The perfect club for the perfect swing
WHO are the world's most emotionally driven and gullible shoppers? Golfers. Yes, they even oust women in pursuit of eternal youth, as I've discovered after spending time with Dale Hayes, Pro Shop director Darryl Egdes and Dainfern Country Club PGA professional Ed Holding.
"The thing about golf," says Hayes from his desk in the memorabilia-festooned offices of Dale Hayes Golf Events, "is that the guys believe they can buy a better game. But they would rather spend R1 500 on a driver, which may or may not make a difference, than R150 on a golf lesson, which will make a difference."
To underline his point, Hayes flips through the five pages devoted to companies selling irons - and irons alone - in an international catalogue. California-based Callaway Golf - maker of Big Bertha clubs - is the hottest golf company in the world and has made a fortune for its founder on the lofty aspirations of the average golfer.
I manage to pin Egdes down at the Brazilian coffee shop inside the landmark Pro Shop in Woodmead. The emporium is in a frenzy of promotional activity: "It's R3.99 a ball and R10 a glove … grab them, take them, get them out of my hair." Egdes tells me the scene is par for the course at this time of the year. The place is teeming with the very shoppers Hayes is referring to - as well as their partners, sons and daughters.
"The wonderful thing about golfers," says Egdes, "is that they are always pursuing a dream. A golfer will rarely walk off the course without saying, 'If I hadn't missed that putt at three, I would've been one shot better,' or, 'If I can hit the ball 300 metres, I can hit it 305 metres.' And whereas tennis players will blame themselves for a bad game, golfers are forever blaming their equipment. In other words, they will go to the the end of the earth to hit the ball once less often and that much further."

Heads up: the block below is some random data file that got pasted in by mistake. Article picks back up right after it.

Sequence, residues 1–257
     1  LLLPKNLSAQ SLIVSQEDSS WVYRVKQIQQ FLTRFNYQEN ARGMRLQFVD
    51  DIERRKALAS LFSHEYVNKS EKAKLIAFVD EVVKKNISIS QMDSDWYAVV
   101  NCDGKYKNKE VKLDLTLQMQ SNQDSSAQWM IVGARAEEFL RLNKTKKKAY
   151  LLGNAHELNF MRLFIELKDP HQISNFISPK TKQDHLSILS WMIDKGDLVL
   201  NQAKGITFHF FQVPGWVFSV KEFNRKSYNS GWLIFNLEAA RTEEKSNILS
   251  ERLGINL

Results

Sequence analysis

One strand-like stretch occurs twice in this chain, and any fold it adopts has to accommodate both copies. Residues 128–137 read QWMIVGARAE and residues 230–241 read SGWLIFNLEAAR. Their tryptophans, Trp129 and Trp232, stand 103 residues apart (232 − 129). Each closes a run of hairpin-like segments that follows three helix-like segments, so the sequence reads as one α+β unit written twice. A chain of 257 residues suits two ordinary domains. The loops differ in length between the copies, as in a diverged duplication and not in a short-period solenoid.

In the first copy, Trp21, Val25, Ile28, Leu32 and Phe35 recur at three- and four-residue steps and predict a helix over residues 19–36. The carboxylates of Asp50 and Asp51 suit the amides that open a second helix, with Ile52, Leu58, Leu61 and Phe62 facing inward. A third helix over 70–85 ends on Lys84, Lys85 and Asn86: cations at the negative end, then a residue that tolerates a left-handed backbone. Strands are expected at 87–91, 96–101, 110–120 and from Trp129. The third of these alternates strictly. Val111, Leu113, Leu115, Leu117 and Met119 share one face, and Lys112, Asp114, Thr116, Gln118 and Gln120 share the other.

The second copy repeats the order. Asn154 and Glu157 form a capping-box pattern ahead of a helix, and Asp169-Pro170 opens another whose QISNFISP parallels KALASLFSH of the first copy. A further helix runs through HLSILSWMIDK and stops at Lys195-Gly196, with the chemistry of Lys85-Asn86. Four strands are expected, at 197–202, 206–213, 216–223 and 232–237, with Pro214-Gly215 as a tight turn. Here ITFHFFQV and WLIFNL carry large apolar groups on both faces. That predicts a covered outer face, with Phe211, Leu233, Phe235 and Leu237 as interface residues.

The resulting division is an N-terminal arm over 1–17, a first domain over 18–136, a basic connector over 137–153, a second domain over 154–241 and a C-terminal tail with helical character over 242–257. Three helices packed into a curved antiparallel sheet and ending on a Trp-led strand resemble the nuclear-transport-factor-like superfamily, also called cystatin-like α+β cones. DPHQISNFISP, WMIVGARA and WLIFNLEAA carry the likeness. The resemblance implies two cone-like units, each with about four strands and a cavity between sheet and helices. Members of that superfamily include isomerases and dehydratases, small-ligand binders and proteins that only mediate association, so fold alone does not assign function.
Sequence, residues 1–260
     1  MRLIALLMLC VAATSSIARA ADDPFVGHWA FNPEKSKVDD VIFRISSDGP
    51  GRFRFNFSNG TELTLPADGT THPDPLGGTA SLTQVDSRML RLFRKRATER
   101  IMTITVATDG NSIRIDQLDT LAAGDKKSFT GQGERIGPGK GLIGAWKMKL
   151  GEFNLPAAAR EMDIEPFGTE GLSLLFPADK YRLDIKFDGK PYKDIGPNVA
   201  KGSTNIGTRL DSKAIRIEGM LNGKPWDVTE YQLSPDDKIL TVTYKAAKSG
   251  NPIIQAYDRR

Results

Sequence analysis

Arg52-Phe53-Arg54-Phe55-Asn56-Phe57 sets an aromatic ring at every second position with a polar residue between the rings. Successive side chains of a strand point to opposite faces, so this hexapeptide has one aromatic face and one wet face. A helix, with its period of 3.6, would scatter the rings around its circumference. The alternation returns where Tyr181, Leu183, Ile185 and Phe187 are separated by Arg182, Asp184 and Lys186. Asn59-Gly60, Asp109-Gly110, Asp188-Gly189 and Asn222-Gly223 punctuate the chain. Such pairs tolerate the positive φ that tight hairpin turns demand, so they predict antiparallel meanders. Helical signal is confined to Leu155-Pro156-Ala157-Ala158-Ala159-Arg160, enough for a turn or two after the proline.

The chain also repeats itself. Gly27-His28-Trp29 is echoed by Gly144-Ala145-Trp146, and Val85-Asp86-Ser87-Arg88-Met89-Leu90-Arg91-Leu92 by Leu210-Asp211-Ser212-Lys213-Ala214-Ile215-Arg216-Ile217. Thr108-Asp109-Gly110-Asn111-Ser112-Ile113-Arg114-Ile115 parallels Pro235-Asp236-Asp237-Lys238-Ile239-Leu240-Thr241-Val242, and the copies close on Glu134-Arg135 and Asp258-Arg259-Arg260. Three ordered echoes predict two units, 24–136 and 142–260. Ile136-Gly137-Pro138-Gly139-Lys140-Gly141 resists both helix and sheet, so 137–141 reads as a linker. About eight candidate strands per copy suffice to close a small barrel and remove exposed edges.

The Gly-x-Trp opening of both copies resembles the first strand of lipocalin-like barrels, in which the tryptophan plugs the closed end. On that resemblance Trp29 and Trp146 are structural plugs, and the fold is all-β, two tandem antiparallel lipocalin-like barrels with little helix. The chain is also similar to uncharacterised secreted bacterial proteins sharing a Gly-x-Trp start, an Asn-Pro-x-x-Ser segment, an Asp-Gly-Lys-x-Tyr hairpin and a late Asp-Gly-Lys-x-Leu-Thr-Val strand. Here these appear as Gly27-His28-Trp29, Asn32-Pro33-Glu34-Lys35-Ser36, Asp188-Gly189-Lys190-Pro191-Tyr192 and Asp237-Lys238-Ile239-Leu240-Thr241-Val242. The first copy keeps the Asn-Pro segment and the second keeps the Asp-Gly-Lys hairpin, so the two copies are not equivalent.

But what is baffling is that the end of the earth is usually the Pro Shop and not the club professional.
"It doesn't matter how many thousands of rands you spend on equipment," says Ed Holding, who has been the Dainfern pro for seven years and who makes use of video equipment R100-a-half-hour lessons. "If you make a bad swing, you're going to make a bad shot."
He reckons most golfers "would be far better off investing in a few lessons with a PGA pro who can determine all the different aspects of their play - what's wrong and right with the swing, for starters - and then help them pick the correct clubs for their style of play, height, grip … PGA pros are best qualified to advise on equipment requirements."
Holding says most club pro shops will attempt to match the prices of the big discount shops.
Egdes argues that top-of-the-range golf equipment, correctly fitted, may not cure a poor swing, but that it "certainly will enable a golfer to play to his best ability". He says the four Pro Shops - the others are in Pretoria, Cape Town and Durban - have turned over more than R150-million this year. He says the shops are "personalised supermarkets", offering a high level of service. Indeed, there were at least 25 distinctively attired salesmen on the floor when I was there and many of them were custom-fitting men, women and children with sets of clubs.
"The buzzword at the moment is titanium," says Egdes, "whether it's simply an insert in the club or the main component. Titanium allows the manufacturer to increase the size of the sweet spot, which results in greater consistency for the user. And because it's all about the wonderful emotive things a golfer is looking for, it's even filtered through into balls - in the core or in the cover - for better spin and more distance."
When it comes to the club shaft, he says, "graphite is becoming increasingly popular as it becomes more affordable. The premium of about R1 000 a set of irons has come down to between R300 and R400."
The Pro Shop also expects continued growth from its niche markets.
"Our business has expanded through greater commitment to women golfers, seniors, left-handers and juniors," says Egdes.
He confirms that it is practically every golfer's ambition to own a set of Callaway Big Berthas. "But remember that this will set you back about R8 000 to R10 000 for woods, R10 500 for irons, R1 000-odd for a putter and about R2 000 for a bag - a total of almost R25 000."
And then, of course, golf being golf, the first day you take them out you may go like this, and here I paraphrase the anecdote of a friend and colleague, Sunday Times rugby and golf writer Dan Retief: You may fresh-air your first drive, top the next, hit your opponent, lose 15 balls and fall in a water hazard - and then the next day you will go out and play really terribly. ý Linda Stafford is a senior editor of the Financial Mail